French multinational financial services firm Societe Generale has invested €100 million euros (£865.4 million) into a plan to try to close its gender pay gap.
The firm, which employs 117,000 workers in 66 countries, will use the funds to boost remuneration of its female employees over the next two years. The investment amounts to less than 1% of its roughly €10 billion (£86.5 million) total wage bill.
Societe Generale’s 2022 UK gender pay gap report, which covers employees at its London and international business, revealed that the median pay gap for hourly pay was 26.2%, higher than the average UK employer but less than the 30.1% average across 20 other large finance firms.
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The group will introduce simplified and clear reporting principles regarding its gender pay gaps, including a focus on reported income as a fair representation of performance for both reporting and distribution, normative return based on a 12% capital allocation, an increased allocation of corporate centre and transformation costs to businesses, and data-based incentives with higher weight of cost and profitability targets.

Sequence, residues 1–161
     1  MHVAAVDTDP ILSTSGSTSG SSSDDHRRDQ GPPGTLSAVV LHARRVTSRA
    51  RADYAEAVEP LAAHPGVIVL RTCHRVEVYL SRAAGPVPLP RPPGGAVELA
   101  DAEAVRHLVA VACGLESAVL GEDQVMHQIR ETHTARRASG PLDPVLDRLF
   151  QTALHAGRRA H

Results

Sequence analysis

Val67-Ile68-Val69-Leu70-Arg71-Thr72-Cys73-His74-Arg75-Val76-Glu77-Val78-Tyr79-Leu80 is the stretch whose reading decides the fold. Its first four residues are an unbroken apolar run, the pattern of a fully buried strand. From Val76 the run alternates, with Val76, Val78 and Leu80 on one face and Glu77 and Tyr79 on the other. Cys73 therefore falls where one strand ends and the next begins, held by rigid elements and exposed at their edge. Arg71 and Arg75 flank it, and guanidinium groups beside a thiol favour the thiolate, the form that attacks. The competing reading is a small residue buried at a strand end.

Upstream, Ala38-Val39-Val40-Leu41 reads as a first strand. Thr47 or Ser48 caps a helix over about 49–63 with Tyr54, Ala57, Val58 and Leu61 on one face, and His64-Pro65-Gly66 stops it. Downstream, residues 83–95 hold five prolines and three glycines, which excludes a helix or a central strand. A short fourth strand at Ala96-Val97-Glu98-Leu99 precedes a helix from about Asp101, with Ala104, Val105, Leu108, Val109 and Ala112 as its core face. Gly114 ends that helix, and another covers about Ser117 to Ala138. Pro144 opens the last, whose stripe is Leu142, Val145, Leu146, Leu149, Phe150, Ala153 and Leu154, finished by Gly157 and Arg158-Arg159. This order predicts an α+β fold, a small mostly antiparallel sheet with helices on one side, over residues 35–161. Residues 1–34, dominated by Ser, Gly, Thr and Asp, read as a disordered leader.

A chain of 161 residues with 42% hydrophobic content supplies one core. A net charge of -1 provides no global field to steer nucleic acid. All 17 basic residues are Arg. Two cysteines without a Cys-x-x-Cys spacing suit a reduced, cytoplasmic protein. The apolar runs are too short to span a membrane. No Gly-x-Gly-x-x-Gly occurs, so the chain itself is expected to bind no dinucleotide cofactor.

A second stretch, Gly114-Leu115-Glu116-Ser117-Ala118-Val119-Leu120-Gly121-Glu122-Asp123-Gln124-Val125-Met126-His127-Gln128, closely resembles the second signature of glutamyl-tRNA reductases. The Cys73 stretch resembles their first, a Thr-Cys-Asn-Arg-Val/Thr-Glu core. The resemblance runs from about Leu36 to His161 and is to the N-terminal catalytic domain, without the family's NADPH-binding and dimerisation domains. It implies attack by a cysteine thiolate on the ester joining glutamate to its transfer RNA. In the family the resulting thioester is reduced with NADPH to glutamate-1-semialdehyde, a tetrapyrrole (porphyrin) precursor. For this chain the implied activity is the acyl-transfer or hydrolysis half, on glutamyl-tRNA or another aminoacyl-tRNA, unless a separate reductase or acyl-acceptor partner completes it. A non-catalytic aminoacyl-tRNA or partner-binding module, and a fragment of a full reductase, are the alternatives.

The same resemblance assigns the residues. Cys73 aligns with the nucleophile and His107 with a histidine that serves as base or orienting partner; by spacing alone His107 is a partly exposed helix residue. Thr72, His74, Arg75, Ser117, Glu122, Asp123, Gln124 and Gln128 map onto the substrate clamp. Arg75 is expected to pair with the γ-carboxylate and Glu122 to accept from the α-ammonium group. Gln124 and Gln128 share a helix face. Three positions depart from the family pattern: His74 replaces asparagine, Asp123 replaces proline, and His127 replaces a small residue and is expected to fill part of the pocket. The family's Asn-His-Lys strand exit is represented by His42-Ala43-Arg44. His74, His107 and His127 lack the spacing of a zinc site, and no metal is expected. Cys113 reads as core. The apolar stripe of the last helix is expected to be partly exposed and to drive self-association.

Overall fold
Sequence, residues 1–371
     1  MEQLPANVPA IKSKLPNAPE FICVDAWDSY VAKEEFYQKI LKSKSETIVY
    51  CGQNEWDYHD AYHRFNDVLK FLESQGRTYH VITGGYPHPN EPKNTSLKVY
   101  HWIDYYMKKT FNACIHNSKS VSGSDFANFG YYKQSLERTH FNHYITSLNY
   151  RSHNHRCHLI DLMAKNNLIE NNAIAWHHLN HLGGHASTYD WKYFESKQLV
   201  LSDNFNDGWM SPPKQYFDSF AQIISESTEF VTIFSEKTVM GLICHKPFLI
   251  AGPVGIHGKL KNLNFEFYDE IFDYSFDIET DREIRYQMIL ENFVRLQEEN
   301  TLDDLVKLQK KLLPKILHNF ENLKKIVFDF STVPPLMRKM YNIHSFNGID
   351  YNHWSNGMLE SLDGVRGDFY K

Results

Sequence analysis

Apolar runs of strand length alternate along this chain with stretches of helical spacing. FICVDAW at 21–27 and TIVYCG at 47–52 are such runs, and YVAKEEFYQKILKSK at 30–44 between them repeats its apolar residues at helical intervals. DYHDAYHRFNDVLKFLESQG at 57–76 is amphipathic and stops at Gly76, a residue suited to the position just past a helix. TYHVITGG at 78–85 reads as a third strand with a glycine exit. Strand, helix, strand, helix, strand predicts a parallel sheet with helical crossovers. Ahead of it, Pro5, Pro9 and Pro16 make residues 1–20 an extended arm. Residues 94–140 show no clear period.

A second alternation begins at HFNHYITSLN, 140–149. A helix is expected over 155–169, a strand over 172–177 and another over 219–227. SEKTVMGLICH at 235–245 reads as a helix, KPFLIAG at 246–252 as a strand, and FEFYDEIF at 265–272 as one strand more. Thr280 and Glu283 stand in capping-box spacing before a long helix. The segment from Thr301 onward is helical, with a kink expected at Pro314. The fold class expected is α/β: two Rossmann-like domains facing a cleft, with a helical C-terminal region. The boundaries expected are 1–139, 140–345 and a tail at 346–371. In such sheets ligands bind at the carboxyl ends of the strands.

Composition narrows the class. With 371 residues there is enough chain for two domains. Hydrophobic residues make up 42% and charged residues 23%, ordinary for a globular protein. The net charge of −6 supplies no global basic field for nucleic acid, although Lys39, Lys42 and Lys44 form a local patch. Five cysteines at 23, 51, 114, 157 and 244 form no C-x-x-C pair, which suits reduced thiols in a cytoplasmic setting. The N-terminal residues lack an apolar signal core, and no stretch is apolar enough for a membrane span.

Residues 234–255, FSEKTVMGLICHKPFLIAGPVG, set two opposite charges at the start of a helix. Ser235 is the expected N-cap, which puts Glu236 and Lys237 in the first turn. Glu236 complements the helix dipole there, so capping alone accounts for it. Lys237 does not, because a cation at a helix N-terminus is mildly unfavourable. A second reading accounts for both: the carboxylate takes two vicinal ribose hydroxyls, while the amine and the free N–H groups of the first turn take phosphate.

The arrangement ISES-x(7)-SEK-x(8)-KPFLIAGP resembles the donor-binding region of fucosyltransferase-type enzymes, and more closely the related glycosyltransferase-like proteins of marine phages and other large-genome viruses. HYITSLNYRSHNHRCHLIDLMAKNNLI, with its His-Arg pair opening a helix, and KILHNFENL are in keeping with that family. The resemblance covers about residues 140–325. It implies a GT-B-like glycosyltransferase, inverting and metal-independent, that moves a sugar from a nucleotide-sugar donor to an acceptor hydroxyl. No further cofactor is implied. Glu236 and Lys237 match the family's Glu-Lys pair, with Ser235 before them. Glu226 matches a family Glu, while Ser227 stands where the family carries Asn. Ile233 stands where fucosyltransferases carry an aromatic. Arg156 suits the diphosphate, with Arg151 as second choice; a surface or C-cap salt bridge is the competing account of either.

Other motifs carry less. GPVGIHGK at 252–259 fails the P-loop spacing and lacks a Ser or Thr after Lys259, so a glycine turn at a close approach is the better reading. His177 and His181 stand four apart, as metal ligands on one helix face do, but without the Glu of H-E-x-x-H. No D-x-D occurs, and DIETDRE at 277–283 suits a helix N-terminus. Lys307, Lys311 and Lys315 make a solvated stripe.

The organisation will also further strengthen its aim of gender diversity by targeting more than 35% of women in senior leadership roles by 2026, and is committed to being a responsible employer of choice by embedding a performance and accountability focused culture and increasing its employee engagement score. To foster an ownership mindset, Societe Generale will additionally launch an annual employee share scheme aligning employee and shareholder interests.
Societe Generale was contacted for comment prior to publication.